9. "But freedom of going into any doctors office in the land and not having to pay, unsure of." Except that is not what "guaranteed access to health care" is going to mean for most Americans. Let me tell you a little story. A few years ago, there was a Boy Scout delivering popcorn on his bike. He was hit by a pickup truck, and even though he was wearing a helmet, he suffered a catastrophic brain injury. His family was comfortable and incredibly average American. Three kids (all in scouts), a house, good jobs, and good health insurance. However, that young scout reached his *lifetim
  10. "Do the research on George Soros and you will see how one can be both a liberal elitist and a socialist. You had no problem questioning whether money spent on political matters would not have been better spent helping the poor. When I suggested Soros money might be better doing the same, you chose to dodge the question." I didn't dodge the question. I don't know how George Soros spends his money now, so how can I comment on whether it would be better spent? However, I notice you dodged my question of what rights of yours you think he is working to take away. I don't know what causes the m
  11. Hmm. I think I missed another bout of censoring. Lisabob, Thanks. That's interesting to know.
  12. "I guess you've never heard of Prohibition (i.e. the 18th Amendment)" Ignoring the condescending tone, that did cross my mind, but I'm not sure I would consider drinking a "civil right" on the same scale as marriage. But I'll give that one to you. After all, we all know how well taking away that right was received by the public. Edited to add: Perhaps a better way of putting it would be: Never before, to the best of my knowledge, has a right that a group of people already had, *been taken away* by a vote of the majority, yet retained by another group. Marriage has only been take
  13. " Yah, da problem, DanKroh, is that they never had the "right" in the first place, eh?" So, by that logic, blacks and whites don't *really* have the right to marry each other in Virginia, because that was determined by the courts, never by the people, right? edited to add: I should add that personally, I think going to the court is the wrong thing to do (regardless of whatever legal standing they think they have). I think patience is the key. As that older voting block dies off, so will the opposition to same-sex marriage. But I can also understand the impatience of not being willing
  14. "Perhaps you won't be offended (but then again, to use your phrase- too bad), if I "suggest" that the liberal elite such as George Soros should "redistribute their wealth" rather than spend their millions upon millions of dollars trying to take away my rights? Joe Biden tells us it's patriotic to redistribute the wealth. But his charitable donations are next to nothing." I don't care what you think he (George Soros) should do with his money. Don't know much about him, other than a lot of right-wing publications making him out to be a boogieman, and honestly, I don't care. What rights of y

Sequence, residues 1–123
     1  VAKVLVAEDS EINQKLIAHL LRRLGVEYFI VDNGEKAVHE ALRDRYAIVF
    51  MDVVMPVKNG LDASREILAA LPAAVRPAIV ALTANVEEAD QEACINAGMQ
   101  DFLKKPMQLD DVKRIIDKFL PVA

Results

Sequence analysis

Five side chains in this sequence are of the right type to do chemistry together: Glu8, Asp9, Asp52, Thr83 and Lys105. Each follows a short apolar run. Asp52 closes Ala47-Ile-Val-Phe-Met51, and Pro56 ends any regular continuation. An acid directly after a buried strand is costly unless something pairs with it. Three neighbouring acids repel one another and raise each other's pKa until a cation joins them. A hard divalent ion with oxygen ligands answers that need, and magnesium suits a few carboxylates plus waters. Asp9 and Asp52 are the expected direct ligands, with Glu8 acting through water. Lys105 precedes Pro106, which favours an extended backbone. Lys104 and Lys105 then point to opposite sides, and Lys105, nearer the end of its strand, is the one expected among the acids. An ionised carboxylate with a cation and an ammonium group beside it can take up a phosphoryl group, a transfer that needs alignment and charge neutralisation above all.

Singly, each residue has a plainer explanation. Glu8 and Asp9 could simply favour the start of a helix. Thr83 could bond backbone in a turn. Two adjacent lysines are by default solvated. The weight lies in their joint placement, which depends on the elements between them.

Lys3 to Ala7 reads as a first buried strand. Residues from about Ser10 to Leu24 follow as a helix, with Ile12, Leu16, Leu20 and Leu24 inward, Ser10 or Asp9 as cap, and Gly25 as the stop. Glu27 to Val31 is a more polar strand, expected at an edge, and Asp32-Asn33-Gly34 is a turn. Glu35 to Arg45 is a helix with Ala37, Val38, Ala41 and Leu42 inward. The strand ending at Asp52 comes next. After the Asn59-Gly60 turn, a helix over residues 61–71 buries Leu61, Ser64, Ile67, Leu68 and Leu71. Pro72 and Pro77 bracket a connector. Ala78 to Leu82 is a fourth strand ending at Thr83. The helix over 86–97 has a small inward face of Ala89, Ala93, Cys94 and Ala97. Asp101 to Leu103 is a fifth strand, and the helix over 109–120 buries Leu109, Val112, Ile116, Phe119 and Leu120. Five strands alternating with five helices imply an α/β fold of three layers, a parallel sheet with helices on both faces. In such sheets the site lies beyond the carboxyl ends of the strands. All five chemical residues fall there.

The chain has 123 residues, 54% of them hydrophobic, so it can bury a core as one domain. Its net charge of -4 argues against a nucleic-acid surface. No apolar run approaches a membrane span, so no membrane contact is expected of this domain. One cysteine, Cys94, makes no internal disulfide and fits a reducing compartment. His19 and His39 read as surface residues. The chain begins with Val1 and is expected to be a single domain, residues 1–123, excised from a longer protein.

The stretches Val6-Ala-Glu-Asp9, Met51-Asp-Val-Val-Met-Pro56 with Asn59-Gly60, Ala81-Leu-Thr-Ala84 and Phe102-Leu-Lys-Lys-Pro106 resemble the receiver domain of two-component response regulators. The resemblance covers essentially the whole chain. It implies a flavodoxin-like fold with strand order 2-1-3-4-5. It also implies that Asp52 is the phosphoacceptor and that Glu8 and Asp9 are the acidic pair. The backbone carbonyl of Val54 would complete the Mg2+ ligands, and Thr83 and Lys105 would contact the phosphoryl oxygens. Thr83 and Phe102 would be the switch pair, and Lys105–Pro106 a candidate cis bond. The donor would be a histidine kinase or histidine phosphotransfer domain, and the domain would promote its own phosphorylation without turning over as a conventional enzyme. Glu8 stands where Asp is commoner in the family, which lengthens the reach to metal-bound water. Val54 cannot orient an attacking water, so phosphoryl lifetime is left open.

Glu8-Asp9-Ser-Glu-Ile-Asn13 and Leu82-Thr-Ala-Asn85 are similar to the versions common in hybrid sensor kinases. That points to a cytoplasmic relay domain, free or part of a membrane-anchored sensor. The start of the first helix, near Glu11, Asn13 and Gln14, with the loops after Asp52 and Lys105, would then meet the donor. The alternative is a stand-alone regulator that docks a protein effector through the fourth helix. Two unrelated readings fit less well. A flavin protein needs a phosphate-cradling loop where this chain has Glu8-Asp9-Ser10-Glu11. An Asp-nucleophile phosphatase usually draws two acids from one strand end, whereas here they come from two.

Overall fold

15. "What happened to the hey, the proposition "won", the people have spoken, its time to move on? If the people in California do not want same sex marriages to be recognized by the state, why involve the courts, when is the will of the people to be obeyed, Obama is president and when is it to be ignored, Prop 8?" Because some people feel that the civil rights of others are not something that everyone should be voting on in the first place. As I said, when do we get to vote on the validity of your marriage? If the people of Pennsylvania "spoke" tomorrow and decided that heterosexuals sho
  16. "Meanwhile, millions of dollars that could have served a better purpose has been squandered by both sides. How sad." Careful skeptic, I just got accused of being a socialist for suggesting the same thing on another thread!
  17. Narraticong, No where did I say that I should be able to tell Mormons, or any other Americans, where or how to spend their money. My objection is the political involvement in this piece of legislation of the Mormon Church. Doing so violated the spirit, even if the letter of a violation has been carefully danced around, the tax law that grants them tax-exempt status. Ahh, again with the Socialism meme... Never gets old, does it? If my suggestion that the money could have been better spent elsewhere offends... well, too bad.(This message has been edited by DanKroh)